Geir Hongro (GeirHong), Friday, 7 March 2003 20:55 (nineteen years ago) link

(The Fall covered both RDT singles.)

I'm surprised that there's so much love for Whitfield's Temptations productions. Maybe I'm not listening to them in the right way, or closely enough. But many of them have always felt overblown to me, cartoonish. That's something that's long bugged me about the Temptations: even a beautiful song like "Just My Imagination," in its most famous arrangement, seems to go over the top with the sound effects and hushed lead vocal. It mitigates the effect of the song for me. I prefer the Rolling Stones' cover (ducks).

Amateurist (amateurist), Friday, 7 March 2003 21:01 (nineteen years ago) link

Geir, aside from maybe "Tomorrow Never Knows" you're mostly talking about psych-pop.

die9o (dhadis), Friday, 7 March 2003 21:04 (nineteen years ago) link

another great psychedelic soul band: Rotary Connection. also on Cadet Concept. fronted by lead singer Minnie Ripperton. less on the distorto-rock. more of great arrangements by Charles Stepney.

AND THERE'S SITAR!!
(most famously sampled by ATCQ on bonita applebaum and the fugees on killing me softly.)

JasonD (JasonD), Friday, 7 March 2003 21:16 (nineteen years ago) link

check the chronology Geir. Despite your moving the goalpost from Sgt. Pepper's to Tomorrow Never Knows, YOU ARE STILL WRONG.

http://members.tripod.com/~lysergia_2/lamaEarlyPsychedelia.htm

Shakey Mo Collier, Friday, 7 March 2003 22:10 (nineteen years ago) link

Martin, Doug: more thoughts on Whitfield?

please don't argue with Geir

Amateurist (amateurist), Friday, 7 March 2003 22:13 (nineteen years ago) link

Yeah, Rotary Connection are great,well worth checking out.I like their 'Aladdin'LP

Paul R (paul R), Friday, 7 March 2003 22:16 (nineteen years ago) link

personally I love Whitfield's production sound, overblown and "cartoony" though it may be. "Psychedelic Shack" in particular is thoroughly enjoyable all the way through - it really does sound like a psychedelic-summer-houseparty. As someone else said upthread, "Electric Mud" also fits well into this category - a lot of the same production techniques and effects are used (especially that great wah-wah+fuzzbox guitar sound) and it's clearly a product of a "hey let's cash in on this trend!" phenomenon that nevertheless produced some genuinely weird and interesting sonic artifacts.

Shakey Mo Collier, Friday, 7 March 2003 22:19 (nineteen years ago) link

Color me humorless, but I've never taken to things that try to appropriate the gravity of contemporary politics without actually taking a position on anything. "Ball of Confusion" is carefully calibrated so as to say as little as possible. At least "Inner City Blues" located its litany of tribulations and confusions in the ghetto. And the music is far, far too strident for my liking.

Amateurist (amateurist), Friday, 7 March 2003 22:31 (nineteen years ago) link

In a way, Motown had to do something, because the typical Motown sound - brilliant as it might have been - sounded terribly unfashionable in the summer of love.

B-b-but being fashionable isn't important as long as you have great MELODIES!

man, Friday, 7 March 2003 22:53 (nineteen years ago) link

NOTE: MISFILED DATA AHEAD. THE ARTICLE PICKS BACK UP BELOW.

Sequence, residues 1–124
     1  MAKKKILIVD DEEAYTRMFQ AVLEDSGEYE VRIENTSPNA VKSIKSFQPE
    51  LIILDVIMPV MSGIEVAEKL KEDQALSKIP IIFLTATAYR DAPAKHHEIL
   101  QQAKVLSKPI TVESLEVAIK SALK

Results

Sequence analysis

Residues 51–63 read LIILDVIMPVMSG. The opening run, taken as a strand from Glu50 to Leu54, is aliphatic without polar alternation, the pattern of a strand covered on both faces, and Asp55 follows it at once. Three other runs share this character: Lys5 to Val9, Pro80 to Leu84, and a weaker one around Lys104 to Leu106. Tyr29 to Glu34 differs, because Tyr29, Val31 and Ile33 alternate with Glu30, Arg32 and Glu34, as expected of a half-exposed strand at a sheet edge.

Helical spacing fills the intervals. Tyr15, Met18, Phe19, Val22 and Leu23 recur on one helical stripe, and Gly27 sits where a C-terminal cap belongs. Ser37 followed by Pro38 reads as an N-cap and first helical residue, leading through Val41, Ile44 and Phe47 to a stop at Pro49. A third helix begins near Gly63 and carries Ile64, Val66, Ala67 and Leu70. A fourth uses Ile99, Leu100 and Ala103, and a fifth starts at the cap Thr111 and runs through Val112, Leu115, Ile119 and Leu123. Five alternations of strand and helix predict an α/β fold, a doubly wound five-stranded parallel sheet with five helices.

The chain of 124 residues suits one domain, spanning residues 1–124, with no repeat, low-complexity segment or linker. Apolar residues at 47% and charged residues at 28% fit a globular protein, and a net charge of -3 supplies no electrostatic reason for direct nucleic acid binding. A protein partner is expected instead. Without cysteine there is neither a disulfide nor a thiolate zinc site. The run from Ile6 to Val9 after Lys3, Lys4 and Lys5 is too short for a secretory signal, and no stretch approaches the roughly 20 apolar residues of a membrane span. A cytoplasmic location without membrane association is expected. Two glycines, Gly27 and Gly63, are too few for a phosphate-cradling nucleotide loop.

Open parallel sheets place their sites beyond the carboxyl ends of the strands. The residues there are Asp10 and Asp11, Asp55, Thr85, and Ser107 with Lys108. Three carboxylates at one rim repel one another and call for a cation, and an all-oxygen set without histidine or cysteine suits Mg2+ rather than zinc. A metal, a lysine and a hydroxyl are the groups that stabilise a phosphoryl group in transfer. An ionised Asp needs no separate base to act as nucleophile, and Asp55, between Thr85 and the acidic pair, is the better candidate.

I give up.

Amateurist (amateurist), Friday, 7 March 2003 23:14 (nineteen years ago) link

Amateurist, I'm not going to even try to argue that there is any substantial content to these records, because I don't think I'd win that. I Heard It Through The Grapevine was a big success in 1968 and Whitfield maybe saw new things happening in pop (I think the richness of Pet Sounds is as likely an influence in some ways as Love or the Beatles, at least in terms of the sonic ambition) and tried a new direction. I think it worked. I find the sound of these records compelling and fascinating and very beautiful, which last adjective is what I think Whitfield did better than maybe anyone, before this on things like Just My Imagination and later with stuff like Rose Royce's Love Don't Live Here Anymore. (As so often when I come over to ILM, I wish I could write about music the way Tom Ewing can.)

Martin Skidmore (Martin Skidmore), Friday, 7 March 2003 23:22 (nineteen years ago) link

As so often when I come over to ILM, I wish I could write about music the way Tom Ewing can.

In my case, him or Ally or Tim Finney or...

Ned Raggett (Ned), Friday, 7 March 2003 23:24 (nineteen years ago) link

Apart from maybe the San Francisco bands, only Brits made psychedelia.

Sigh. Why can't you go away?

Kenan Hebert (kenan), Saturday, 8 March 2003 00:46 (nineteen years ago) link

It's not on Motown, but since this thread has moved from what Douglas asked about initially into a "prove Geir wrong" forum, I have to express my utter shock that no one has mentioned the fucking Chambers Brothers' epochal "Time Has Come Today".

It's got reverb galore, it actually uses the word "psychedelicized" (sp?) and to top it all off it's from 1967. Plus it grooves like a motherfucker and stirs up images of protestors, LBJ, and acid tests almost as vividly as "For What it's Worth".

Dr. Annabel Lies (Michael Kelly), Saturday, 8 March 2003 02:07 (nineteen years ago) link

"For What It's Worth" wasn't particularly psychedelic anyway. Buffalo Springfield's only song that could almost be called psychedelia (or at least mild psychedelia) was "Expecting To Fly" (the best song Neil Young has ever been involved with IMO)

Geir Hongro (GeirHong), Saturday, 8 March 2003 02:10 (nineteen years ago) link